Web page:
If you’re in the middle of the post-production process, you can also use the Premiere Pro feature called “Auto Reframe Sequence,” which provides plenty of preset aspect ratios to choose from.

  • As before, find the “Project Panel” in the editing workspace. Right-click on the chosen sequence and click “Auto Reframe Sequence.”
  • Select “Target Aspect Ratio” and apply the preferred aspect ratio. Keep “Motion Tracking” in “Default” mode.
  • Set the clip nesting to be at the default value.
  • Click “Create.”

After modifying the aspect ratio, Premiere Pro should automatically analyze and generate a mirrored sequence with the new settings. While Premiere Pro generally does a good job of keeping the main subject of your footage in the frame, it’s always a good idea to review your clips and ensure they have the correct aspect ratio. To do so, use the “Motion” tab located on the “Effects Controls” panel to adjust the frame parameters as needed.

Aspect RatioAspect RatioWidthHeight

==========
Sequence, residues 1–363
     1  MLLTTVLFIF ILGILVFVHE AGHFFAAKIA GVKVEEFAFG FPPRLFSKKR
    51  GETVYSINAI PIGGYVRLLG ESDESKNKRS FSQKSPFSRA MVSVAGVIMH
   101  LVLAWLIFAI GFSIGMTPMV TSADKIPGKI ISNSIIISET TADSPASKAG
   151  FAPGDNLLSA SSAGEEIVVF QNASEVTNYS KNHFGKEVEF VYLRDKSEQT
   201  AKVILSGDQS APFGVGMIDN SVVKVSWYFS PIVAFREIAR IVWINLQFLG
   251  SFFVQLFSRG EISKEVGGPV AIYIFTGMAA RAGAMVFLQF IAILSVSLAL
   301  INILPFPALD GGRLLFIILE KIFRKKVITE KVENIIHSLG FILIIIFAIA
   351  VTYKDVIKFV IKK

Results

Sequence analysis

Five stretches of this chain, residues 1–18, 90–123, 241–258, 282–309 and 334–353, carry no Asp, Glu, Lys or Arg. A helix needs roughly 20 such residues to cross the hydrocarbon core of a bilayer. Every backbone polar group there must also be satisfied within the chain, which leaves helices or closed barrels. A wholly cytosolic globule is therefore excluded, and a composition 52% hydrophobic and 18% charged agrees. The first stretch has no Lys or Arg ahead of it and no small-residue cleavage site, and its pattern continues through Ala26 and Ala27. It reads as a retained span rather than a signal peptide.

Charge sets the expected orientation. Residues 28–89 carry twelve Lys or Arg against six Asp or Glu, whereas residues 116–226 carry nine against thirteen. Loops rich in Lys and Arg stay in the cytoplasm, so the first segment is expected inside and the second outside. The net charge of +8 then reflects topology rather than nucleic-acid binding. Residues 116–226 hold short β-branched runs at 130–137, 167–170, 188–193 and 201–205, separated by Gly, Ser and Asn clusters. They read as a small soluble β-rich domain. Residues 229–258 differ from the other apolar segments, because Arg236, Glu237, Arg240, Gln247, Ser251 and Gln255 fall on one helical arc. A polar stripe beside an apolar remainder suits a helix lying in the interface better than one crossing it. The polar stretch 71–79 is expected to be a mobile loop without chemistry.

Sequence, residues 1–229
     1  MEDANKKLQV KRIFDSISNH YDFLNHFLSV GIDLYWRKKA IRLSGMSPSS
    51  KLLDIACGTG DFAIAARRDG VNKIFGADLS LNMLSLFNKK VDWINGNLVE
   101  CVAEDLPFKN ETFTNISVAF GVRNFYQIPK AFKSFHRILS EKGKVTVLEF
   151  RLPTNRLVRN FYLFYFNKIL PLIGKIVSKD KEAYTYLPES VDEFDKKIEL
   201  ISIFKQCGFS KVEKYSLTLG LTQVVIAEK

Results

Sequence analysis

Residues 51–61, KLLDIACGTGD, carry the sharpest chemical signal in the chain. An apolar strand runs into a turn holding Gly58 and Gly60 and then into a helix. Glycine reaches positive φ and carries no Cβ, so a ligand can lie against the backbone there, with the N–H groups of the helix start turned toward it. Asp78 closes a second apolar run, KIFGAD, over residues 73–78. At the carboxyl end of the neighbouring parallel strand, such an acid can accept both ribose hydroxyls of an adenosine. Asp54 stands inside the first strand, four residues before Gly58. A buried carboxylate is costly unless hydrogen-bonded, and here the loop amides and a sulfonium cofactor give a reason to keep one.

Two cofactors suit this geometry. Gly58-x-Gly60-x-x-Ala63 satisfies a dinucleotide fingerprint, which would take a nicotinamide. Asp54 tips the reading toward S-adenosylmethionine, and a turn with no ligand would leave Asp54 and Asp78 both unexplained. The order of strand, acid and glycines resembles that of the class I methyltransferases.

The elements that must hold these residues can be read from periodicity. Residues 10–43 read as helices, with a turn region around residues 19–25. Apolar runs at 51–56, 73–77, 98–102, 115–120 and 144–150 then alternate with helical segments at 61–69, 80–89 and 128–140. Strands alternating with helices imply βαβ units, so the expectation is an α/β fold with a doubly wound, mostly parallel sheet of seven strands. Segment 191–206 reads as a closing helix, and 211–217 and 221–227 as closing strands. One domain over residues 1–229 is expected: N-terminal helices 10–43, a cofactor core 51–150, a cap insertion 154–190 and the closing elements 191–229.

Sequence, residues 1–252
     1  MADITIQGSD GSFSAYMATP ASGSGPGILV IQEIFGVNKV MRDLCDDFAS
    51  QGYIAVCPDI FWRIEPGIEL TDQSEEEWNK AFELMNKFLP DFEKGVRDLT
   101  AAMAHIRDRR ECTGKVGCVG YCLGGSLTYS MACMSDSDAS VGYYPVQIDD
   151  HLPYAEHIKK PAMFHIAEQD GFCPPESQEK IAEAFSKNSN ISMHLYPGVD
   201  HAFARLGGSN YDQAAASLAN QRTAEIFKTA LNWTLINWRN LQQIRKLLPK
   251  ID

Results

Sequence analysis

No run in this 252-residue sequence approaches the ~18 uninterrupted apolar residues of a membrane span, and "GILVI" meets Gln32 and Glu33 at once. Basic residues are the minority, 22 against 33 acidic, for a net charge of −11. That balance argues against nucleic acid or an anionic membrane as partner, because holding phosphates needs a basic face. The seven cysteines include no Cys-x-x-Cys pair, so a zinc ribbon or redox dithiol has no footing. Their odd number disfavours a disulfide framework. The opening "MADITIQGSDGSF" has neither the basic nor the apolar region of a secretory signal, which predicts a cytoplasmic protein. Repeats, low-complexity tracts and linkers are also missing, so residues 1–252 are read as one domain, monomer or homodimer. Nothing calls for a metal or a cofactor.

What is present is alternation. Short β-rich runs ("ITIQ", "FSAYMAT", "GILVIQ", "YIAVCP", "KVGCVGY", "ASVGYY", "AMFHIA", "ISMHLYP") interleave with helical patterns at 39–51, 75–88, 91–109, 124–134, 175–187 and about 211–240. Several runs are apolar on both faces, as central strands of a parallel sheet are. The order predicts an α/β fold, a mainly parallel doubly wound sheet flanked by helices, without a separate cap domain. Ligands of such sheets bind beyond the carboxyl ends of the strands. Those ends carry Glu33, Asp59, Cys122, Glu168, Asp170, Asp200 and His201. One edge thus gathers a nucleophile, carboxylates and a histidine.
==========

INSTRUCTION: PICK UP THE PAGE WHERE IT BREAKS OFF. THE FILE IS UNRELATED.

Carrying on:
Old TV Look4:31.33:119201443
Widescreen 1080p16:91.78:119201080
Widescreen 4K UHD16:91.78:138402160
Widescreen 8K UHD16:91.78:176804320
35mm Motion Picture StandardHollywood Movies for 4K UHD1.85:138402075
Widescreen Cinema StandardHollywood Movies for 4K UHD2.35:138401634
IMAX for 4K UHD1.43:138402685
YouTube Shorts, Instagram Stories, Vertical Videos 9:160.56:110801920

Source: Wikipedia


While editing, if you import clips with a different aspect ratio into a project that uses another aspect ratio, a clip mismatch warning will appear. In that case, you have the option to either “Keep existing settings” to maintain the original aspect ratio, or you can decide how to reconcile the conflicting aspect ratios.